Like so many others, I wish 1) my kids had been in your classroom 2) I could be in your classroom and/or 3) you taught at our school. Enjoy your summer.

  9. Good luck with the packing. Even though packing is challenging it doesn’t compare to the challenge of saying good-bye. School is never just a space but rather the community. Enjoy fully the last few days with your students.

  10. Packing and ending something is tough, until you get to the new thing, the new beginning. Enjoy that summer stack of reading in readiness for impacting your newbies next year and rest and relax over the summer knowing you have made a wonderful difference in 32 little lives. Time to switch gears. It’s SUMMER!!! 🙂

  11. What a beautiful post! Your students are blessed to have you for a teacher. Sounds like it has been a wonderful year, full of meaningful lessons! Enjoy the last few days. 🙂

  12. You write of the sadness of ending the school year. I feel it….and that is why I am doing this….rather than writing end of the year reports which would mean….that the end is really near!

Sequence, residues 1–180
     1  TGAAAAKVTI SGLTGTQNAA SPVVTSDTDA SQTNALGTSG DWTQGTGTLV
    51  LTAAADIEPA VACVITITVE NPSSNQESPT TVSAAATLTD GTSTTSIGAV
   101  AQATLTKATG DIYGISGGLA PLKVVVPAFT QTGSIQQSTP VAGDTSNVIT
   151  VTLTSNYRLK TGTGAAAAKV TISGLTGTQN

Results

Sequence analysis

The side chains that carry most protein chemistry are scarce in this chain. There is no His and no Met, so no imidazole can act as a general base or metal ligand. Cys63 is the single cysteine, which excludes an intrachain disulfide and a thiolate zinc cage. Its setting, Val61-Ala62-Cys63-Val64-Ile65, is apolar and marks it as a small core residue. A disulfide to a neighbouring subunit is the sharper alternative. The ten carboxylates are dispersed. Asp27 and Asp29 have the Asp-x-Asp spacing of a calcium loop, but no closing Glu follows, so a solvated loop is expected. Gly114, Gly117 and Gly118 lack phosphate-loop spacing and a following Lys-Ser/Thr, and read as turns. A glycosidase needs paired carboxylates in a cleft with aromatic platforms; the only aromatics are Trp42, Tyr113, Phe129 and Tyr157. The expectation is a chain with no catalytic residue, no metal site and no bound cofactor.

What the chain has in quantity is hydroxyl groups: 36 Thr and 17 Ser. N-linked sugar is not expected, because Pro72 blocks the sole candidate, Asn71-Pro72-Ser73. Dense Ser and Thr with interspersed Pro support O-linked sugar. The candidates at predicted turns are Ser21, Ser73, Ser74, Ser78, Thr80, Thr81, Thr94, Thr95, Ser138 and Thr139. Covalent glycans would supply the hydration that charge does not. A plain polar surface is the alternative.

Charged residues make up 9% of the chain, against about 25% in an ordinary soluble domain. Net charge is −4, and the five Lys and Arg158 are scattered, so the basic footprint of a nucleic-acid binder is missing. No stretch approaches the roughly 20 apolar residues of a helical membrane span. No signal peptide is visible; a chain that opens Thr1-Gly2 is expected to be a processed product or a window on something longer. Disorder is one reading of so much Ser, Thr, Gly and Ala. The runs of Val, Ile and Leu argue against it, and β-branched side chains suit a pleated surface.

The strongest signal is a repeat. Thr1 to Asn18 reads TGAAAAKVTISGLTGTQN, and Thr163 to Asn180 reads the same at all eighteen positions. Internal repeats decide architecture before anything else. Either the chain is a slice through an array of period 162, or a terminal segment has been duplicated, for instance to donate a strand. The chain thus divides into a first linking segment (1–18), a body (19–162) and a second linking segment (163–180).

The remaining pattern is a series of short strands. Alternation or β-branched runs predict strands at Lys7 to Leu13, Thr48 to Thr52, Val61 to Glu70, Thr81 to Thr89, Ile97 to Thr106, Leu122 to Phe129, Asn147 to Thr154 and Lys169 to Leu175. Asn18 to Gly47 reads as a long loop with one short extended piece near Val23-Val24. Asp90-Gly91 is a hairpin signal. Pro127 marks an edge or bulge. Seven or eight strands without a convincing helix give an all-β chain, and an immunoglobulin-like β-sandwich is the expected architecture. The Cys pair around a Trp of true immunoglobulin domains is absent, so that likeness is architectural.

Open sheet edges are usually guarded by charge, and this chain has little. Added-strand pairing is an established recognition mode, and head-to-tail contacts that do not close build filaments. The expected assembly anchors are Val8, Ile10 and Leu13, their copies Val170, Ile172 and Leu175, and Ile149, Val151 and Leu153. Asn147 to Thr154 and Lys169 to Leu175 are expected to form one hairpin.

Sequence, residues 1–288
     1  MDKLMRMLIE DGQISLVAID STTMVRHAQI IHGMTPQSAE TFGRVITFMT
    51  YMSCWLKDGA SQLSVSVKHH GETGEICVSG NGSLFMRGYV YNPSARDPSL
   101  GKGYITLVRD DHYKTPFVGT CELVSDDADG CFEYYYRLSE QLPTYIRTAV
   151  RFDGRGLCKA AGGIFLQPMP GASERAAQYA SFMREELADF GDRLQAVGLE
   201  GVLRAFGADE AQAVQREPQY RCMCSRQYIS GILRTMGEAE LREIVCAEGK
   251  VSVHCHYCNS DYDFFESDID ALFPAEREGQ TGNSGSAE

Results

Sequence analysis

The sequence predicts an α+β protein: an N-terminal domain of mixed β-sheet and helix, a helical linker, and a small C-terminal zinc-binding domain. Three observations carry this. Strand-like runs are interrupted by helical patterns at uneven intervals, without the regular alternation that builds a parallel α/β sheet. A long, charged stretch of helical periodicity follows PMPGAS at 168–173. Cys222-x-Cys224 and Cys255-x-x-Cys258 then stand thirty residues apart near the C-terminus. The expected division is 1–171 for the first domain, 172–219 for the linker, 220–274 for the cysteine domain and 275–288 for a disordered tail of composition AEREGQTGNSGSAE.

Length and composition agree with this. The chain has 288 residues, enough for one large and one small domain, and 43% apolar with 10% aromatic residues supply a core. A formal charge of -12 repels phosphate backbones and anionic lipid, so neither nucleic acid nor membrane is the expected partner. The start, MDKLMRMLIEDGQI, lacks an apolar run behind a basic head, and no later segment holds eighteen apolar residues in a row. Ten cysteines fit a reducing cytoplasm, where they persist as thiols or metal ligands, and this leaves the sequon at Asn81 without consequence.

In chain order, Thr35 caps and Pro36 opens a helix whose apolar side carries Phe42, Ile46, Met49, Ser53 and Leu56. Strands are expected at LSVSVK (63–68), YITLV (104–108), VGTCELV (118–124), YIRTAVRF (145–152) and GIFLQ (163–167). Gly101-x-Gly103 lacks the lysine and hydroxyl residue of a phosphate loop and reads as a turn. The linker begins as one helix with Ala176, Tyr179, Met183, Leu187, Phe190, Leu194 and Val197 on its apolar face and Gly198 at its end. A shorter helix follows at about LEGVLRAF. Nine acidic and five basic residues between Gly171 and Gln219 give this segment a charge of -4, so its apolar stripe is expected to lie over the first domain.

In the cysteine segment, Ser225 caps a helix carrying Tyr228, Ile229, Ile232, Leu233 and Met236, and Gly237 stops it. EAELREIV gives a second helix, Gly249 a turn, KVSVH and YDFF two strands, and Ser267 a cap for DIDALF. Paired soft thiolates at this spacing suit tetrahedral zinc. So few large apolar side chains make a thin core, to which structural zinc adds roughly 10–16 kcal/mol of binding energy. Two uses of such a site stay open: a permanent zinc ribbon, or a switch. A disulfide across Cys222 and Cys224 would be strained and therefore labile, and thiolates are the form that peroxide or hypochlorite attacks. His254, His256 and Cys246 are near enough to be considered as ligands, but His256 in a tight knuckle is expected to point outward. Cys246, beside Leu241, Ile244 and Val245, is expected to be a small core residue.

13. I always had such a hard time at the end of the year. I would cry for the last two weeks. It is so difficult to say goodbye to the community we create. It is clear from your writing that these students are very fortunate to have you as their teacher. Enjoy those last moments!
    Clare and Tammy

  14. Oh Tara, now I remember your comment on my post two weeks ago! I think every teacher who loves this work like we do feels this way. Just think of all that was accomplished this year, and imagine all that will come next year!

  15. I can hear the bittersweetness in your voice. Saying good-bye is never easy, especially when you’ve created a strong learning community such as yours. Enjoy these last few days.

  16. Tara, this is exactly how I felt last week. You just don’t want to let them go. This is so true too.”…the year, which seemed so long in September, seems to have been rather short after all.” I’m still looking at videos they did! Looking forward to NYC!

  17. It’s so easy to feel your love for your kids and for teaching. They aren’t going to be ready to let go either!

    This paragraph is amazing…

    “At the moment though, it is the room in which 32 children spent a year learning about things that matter: to be kind and have intellectual integrity, to be open and accepting of new ideas, to make reading and writing as natural a need as breathing, to think of history as a story worth knowing. We have such important work before us, every day of the school year. Teaching matters. And the year, which seemed so long in September, seems to have been rather short after all.”